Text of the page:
Monday, June 21, 2010

Residents complain about carpark crunch

HDB tries to ensure sufficient spaces but these may not always be close to person's block

IT IS the HDB residents' bugbear: You have a season parking ticket, but there is not a carpark space in sight when you return home late at night.

Exasperated at not finding a space in the carpark near his Tampines Street 84 flat, handyman Yazied Arsad, 32, resorted to parking his van in a handicapped space or outside designated spots.

Over the past 18 months, he has flouted parking rules no fewer than 25 times, accumulating $1,260 in fines. 'Why should I pay? I have been buying my season parking ticket monthly, but I just can't find a space sometimes,' he said.

Complaints about a parking crunch in HDB estates have surfaced in Parliament. In March, Parliamentary Secretary (National Development) Mohamad Maliki Osman conceded that about 10 per cent of HDB carparks do not meet 'local parking demands'.

He cited changes in demographic profiles and car ownership patterns as reasons. He did not identify the carparks. Neither would the HDB, which runs 1,800 carparks here and charges between $65 and $90 for season parking monthly.

HDB said that the number of red spaces set aside for season ticket holders varies from location to location and is highly dependent on the local situation and parking demand pattern. Demand for short- term parking may be high at carparks near amenities and hence more spaces are reserved for ticket holders.

It said it will make every effort to ensure that there are sufficient parking spaces but seeks residents' understanding that it may not always be possible to park at preferred spots nearest their flats.

In Mr Yazied's case, its spokesman maintained that there is sufficient parking space for all ticket holders in the area.

Night inspections by its officers showed there are vacant spots, though not necessarily next to Mr Yazied's block. But Mr Yazied said this was not always the case even for carparks farther away.

'I even have a skateboard in my van, so that if I find a space far from my block, I can skate home. Why would I risk parking illegally if there were empty spaces?' he asked.

Mr Raymond Yeo, 42, a Tampines resident who lives near Mr Yazied, recalled two occasions last year when he returned home after midnight to find the carpark full. So he had supper at a nearby coffee shop to kill time and wait for a space.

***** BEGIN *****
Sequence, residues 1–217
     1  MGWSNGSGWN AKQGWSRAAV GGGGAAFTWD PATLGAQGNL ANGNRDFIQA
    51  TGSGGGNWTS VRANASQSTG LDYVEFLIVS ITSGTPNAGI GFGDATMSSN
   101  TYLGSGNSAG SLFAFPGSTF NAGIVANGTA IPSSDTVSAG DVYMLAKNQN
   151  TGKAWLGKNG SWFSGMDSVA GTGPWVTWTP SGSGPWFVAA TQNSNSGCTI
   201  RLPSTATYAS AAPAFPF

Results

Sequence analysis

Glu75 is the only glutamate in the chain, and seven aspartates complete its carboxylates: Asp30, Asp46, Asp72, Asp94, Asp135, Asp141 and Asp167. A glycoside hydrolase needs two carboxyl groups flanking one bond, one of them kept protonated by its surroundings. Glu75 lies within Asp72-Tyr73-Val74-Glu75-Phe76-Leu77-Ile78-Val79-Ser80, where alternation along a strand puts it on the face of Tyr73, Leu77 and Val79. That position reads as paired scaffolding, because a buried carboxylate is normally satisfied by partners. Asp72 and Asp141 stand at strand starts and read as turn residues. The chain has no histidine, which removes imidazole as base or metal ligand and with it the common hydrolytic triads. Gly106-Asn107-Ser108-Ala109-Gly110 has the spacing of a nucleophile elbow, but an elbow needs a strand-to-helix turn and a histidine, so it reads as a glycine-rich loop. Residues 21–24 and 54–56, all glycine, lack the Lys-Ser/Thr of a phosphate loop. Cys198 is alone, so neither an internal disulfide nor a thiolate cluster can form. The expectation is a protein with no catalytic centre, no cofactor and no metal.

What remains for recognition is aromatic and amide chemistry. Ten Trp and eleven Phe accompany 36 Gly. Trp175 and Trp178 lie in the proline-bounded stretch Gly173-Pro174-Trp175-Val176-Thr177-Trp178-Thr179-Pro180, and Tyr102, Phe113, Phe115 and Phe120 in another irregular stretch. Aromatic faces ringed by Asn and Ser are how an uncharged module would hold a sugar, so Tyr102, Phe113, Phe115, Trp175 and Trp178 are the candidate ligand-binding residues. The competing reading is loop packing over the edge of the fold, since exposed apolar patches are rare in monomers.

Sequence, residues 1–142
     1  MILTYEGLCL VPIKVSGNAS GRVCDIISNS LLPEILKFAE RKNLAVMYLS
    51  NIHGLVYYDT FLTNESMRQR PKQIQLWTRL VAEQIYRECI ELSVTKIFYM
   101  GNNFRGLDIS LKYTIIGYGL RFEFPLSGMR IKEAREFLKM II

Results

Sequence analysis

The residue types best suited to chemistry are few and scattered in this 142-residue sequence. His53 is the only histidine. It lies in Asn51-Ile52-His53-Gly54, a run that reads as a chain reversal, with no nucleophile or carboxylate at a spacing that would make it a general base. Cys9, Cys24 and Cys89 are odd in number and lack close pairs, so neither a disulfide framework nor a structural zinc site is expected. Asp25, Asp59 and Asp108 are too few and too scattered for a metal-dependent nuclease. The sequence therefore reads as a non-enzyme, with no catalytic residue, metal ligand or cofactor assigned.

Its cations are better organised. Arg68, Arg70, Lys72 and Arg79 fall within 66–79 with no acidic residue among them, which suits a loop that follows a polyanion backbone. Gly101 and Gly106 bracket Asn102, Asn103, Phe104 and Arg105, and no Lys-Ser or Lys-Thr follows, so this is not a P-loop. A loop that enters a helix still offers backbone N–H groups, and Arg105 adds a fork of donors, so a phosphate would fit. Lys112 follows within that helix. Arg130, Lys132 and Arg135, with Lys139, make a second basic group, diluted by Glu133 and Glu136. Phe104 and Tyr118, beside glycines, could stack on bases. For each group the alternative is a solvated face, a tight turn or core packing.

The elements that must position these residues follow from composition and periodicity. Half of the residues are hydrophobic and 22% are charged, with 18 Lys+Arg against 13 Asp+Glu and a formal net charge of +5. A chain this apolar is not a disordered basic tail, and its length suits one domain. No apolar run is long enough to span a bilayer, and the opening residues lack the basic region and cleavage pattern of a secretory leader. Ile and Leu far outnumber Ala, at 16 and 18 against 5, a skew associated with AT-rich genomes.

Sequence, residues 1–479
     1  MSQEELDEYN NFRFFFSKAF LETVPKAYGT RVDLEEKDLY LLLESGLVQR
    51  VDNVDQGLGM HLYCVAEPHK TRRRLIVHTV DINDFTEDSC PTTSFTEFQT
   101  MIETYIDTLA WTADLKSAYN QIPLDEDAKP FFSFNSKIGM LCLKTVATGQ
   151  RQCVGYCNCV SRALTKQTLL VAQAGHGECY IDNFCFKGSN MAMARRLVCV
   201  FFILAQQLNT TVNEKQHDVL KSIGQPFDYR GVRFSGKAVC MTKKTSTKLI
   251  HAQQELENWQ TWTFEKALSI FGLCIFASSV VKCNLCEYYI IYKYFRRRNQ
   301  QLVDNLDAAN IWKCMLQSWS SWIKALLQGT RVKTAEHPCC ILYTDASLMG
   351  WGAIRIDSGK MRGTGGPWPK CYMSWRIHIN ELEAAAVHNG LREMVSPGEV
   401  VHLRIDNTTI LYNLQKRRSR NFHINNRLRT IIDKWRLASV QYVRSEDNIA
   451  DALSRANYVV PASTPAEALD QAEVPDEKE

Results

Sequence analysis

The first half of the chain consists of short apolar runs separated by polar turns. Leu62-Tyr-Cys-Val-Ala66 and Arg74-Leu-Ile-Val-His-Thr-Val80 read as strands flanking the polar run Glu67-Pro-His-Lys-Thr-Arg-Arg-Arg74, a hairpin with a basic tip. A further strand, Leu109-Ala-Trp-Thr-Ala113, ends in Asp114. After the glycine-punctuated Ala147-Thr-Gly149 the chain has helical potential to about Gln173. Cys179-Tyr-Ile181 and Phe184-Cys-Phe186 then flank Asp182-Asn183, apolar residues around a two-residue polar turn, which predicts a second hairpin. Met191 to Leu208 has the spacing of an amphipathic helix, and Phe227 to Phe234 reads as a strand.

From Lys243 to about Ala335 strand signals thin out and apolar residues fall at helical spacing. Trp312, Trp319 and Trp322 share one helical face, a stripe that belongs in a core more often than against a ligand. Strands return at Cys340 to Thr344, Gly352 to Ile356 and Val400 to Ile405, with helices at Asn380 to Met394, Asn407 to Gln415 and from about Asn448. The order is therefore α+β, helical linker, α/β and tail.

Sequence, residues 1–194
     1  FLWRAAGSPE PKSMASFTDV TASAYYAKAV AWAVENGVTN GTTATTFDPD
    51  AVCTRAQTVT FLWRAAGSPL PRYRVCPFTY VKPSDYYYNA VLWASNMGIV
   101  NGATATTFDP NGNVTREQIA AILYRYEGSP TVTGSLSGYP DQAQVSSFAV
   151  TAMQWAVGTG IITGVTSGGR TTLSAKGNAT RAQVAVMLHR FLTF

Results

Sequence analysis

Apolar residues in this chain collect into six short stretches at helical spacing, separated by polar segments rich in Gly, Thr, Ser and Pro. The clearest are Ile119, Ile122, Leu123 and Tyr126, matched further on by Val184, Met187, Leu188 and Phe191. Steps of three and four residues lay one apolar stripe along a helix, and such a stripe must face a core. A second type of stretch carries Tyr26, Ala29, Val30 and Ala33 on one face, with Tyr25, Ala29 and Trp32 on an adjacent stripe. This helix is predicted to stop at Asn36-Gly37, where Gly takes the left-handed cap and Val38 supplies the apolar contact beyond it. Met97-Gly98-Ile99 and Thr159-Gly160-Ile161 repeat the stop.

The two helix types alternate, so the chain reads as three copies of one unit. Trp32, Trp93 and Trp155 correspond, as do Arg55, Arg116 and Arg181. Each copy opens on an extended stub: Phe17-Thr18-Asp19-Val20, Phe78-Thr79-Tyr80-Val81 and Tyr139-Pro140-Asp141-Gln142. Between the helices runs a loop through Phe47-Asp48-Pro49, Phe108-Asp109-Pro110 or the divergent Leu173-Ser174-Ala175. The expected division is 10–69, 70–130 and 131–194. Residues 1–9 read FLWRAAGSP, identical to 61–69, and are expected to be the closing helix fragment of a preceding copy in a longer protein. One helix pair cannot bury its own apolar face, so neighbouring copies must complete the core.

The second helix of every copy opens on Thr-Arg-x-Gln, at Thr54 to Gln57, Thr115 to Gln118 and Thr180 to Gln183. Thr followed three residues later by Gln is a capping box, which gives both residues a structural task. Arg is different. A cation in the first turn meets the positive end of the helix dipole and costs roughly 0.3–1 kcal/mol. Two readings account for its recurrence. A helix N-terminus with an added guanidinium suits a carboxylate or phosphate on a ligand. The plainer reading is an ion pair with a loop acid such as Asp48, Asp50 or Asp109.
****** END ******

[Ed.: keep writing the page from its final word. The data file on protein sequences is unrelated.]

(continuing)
MPs contacted for comments think the problem has become more acute as more families start owning more than one car and more car owners move into mature estates with limited surface parking areas.

Bishan resident W.C. Yeo, 55, who moved into the estate earlier this year, could not even get a season parking ticket for the carpark nearest her block. They were sold out. She has had to park her car 15 minutes away from her flat. 'It just doesn't make sense for me to walk almost two bus stops to get home every night after a long day at work,' she said.

MP for Aljunied GRC Cynthia Phua said that since late last year, she has been getting about 30 such complaints a month. She said the parking crunch happens most often in estates aged between 20 and 30 years where there are few multi-storey carparks.

Ang Mo Kio GRC MP Inderjit Singh agreed that the parking crunch has worsened. 'Over the last few years, parking in our HDB estates seems to have reached its limit. I think the planning parameters used to decide the number of spaces may no longer be valid,' he said.

MPs said that they react to complaints by asking HDB for more red parking spaces so season ticket holders can get a spot. Often, HDB complies by converting white spots meant for the public.

Tampines GRC MP Ong Kian Min said some surface carparks in Tampines have been converted to multi-storey ones and more levels have been added to multi-storey carparks. The problem, however, is illegal parking in red spaces by 'outsiders'.

MP for Bishan-Toa Payoh GRC Hri Kumar Nair said: 'Sometimes there is the problem of non-residents taking up red spaces. It's a question of enforcement but officers can't possibly go down all the time.'

A Straits Times check on HDB carparks showed that residents in Teck Whye, Bukit Batok, Hougang and Ghim Moh face similar parking woes.

A hawker who lives in Bukit Batok said he usually gets home at about 2am, by which time all the spaces are occupied. He had chalked up more than 30 parking summonses over the past three years.

Some season ticket holders, however, do have a way out.

Another Bishan resident, housewife Huang Siew Ling, 48, said her husband sometimes pays an extra $2 in night parking coupons to leave their car in the visitor spot at a nearby multi-storey carpark.

But that leaves him at a risk of being fined for leaving the car there past 7am, when the night coupon expires. 'All these costs are on top of the $60 plus we spend on season parking,' she said.

Making space for more cars

SOME measures by HDB to ease the parking crunch:
  • Grouping carparks within walking distance from blocks to provide more spaces for season parking ticket holders;
  • Abolishing the night parking scheme (by coupon) in some carparks so that residents with season tickets will have sufficient spaces;
  • Converting some surface carparks into multi-storey ones or adding more levels to existing multi-storey carparks;
  • At selected carpark groups, residents can pay a flat fee to park at any of the surface or multi-storey carparks within the group. Previously, their season parking tickets would only allow them to park at either one.

 Source: Straits Times, 21 Jun 2010

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